I started my son at another preschool because I thought a smaller in-home school would be an easy way to transition into school, and to be frank it was cheap. My husband and I weren’t quite convinced paying more at another school would produce quantifiably better results. In the end, we were definitely wrong. My son started having problems with other kids at his preschool in the first month. Unfortunately I was not made aware of it until he had been a student for 4 months. At that point we started working with our son to teach him how to get along with other students. We did the best we could on our side to improve behavior, and because the teacher was a poor communicator, I thought things were improving. I tried setting up parent/teacher conferences, but she wouldn’t return calls. When I was finally made aware that things were in fact not improving, we set up plans for me to come observe in class. But before the planned date, the teacher informed me that she would rather take my child out of her school and I should get him some therapy. She told me she had never dealt with such a difficult child in her 35 years. I should state, that as a therapist I’ve worked with MANY troubled children, and while I knew my son was a handful, I knew it was nothing out of the norm. We took him to a special center for children will behavior and learning problems and got him evaluated. The report came back perfect; she could find nothing wrong with him. There are many reasons I can list for why this preschool was a bad fit, but I think in the end it had just become a toxic environment for my son.
We took him out and put him in Newcastle preschool. I talked with Larry when I toured the school and we went over how problems were handled immediately and with the participation of the parent. We talked about their philosophy for dealing with children, based off the Love and Logic program. He showed me how classes were structured and how teachers were attentive to children and didn’t leave them in large groups unsupervised during free-play. The teacher to student ratio was also great. The rooms were large and comfortable for the class size. Children rotated between their classroom, art room, and music room, etc., Keeping them active and engaged. They also make outdoor time a priority, so kids can get out and run, play, and exercise. A VERY important thing for active kids (the last place rarely took the kids outside). Not to mention that the outdoor space is awesome! We have complete access to the teachers, and can call and talk with them whenever we need to, or meet in person. Parents are also encouraged to come observe or participate in class.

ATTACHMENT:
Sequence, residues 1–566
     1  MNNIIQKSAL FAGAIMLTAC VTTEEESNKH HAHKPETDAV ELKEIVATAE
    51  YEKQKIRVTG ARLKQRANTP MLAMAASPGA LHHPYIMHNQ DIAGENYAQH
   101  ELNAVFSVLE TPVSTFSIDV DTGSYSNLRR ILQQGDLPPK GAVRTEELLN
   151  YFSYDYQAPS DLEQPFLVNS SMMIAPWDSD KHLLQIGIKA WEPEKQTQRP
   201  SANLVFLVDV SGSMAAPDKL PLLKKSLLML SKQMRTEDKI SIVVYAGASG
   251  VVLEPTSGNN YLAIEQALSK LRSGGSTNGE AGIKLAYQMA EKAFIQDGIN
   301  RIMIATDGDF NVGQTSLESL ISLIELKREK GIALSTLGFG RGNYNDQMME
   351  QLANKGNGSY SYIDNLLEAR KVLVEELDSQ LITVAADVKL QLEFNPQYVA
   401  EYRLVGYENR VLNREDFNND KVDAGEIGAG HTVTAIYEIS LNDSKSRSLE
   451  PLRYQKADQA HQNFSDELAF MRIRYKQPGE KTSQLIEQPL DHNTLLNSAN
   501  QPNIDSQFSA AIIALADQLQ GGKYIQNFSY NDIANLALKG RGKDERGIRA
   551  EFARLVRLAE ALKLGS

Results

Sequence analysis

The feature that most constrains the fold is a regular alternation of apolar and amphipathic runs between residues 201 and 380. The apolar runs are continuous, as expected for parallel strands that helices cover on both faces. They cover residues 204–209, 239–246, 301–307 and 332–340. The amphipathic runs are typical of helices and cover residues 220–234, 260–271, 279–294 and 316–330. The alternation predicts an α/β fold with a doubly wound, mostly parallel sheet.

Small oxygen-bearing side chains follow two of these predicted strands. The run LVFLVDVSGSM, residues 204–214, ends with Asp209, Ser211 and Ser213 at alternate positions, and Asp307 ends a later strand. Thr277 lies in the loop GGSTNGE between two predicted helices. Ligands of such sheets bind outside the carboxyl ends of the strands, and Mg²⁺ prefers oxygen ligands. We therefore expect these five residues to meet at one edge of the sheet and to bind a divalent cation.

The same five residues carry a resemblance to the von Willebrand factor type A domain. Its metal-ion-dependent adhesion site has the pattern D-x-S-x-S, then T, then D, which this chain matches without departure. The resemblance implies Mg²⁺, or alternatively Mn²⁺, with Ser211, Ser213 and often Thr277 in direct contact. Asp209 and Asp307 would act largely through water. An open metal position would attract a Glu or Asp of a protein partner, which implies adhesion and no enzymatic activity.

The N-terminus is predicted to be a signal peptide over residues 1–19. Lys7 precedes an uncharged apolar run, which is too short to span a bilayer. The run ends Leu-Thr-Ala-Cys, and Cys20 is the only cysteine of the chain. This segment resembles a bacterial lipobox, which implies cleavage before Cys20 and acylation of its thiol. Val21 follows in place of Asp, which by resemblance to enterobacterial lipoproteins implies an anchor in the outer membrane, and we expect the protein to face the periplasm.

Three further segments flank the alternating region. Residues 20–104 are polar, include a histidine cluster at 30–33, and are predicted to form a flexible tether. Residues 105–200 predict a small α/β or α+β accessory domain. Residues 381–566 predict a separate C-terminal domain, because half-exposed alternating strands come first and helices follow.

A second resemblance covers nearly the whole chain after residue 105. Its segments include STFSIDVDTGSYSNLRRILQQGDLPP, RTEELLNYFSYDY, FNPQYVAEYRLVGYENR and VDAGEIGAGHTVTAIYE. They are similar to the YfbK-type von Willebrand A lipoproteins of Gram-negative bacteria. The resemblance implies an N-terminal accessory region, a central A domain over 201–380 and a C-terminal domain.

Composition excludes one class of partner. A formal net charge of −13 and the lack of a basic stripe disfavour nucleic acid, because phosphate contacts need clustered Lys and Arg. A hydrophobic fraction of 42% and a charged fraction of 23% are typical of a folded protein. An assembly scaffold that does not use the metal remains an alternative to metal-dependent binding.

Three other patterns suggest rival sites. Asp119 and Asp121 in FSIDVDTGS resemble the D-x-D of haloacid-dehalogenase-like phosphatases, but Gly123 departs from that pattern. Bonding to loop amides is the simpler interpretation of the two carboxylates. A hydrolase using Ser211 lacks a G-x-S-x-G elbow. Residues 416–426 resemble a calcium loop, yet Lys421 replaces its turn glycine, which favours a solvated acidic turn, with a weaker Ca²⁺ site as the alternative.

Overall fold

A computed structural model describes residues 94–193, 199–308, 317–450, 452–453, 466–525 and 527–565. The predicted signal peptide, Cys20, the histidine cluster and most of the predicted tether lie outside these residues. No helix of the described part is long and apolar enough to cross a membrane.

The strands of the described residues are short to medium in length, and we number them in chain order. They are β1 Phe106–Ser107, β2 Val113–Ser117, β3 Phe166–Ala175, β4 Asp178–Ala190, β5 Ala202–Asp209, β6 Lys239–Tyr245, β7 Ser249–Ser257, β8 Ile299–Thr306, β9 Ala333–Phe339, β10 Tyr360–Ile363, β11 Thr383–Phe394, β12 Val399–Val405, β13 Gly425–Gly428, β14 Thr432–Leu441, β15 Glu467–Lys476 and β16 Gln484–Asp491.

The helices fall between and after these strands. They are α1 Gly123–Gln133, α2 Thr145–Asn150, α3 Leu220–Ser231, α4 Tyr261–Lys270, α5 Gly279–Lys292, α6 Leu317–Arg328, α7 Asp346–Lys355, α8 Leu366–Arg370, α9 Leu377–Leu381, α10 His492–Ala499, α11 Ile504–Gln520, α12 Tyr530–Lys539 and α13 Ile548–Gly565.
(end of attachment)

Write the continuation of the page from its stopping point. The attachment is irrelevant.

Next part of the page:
As soon as my son started at Newcastle we saw a complete transformation. He was happier, and had less behavior problems at home. We have had no complaints from his teacher, and when discussing how the boys in the class interact, I can tell she is very observant and on top of things. She knows which boys distract each other, and she structures the class accordingly so that children get the most out of their time at school. I’ve also noticed that suddenly he comes home anxious to tell me all about what he learns. He never did this in his last school! It is VERY obvious that he is learning much more! He still has some catching up to do academically because we came in mid-year, but I can see him growing leaps and bounds and he loves to learn! We LOVE Newcastle and would recommend it to all our friends!
Amy Thurston, Draper UT
May 16, 2014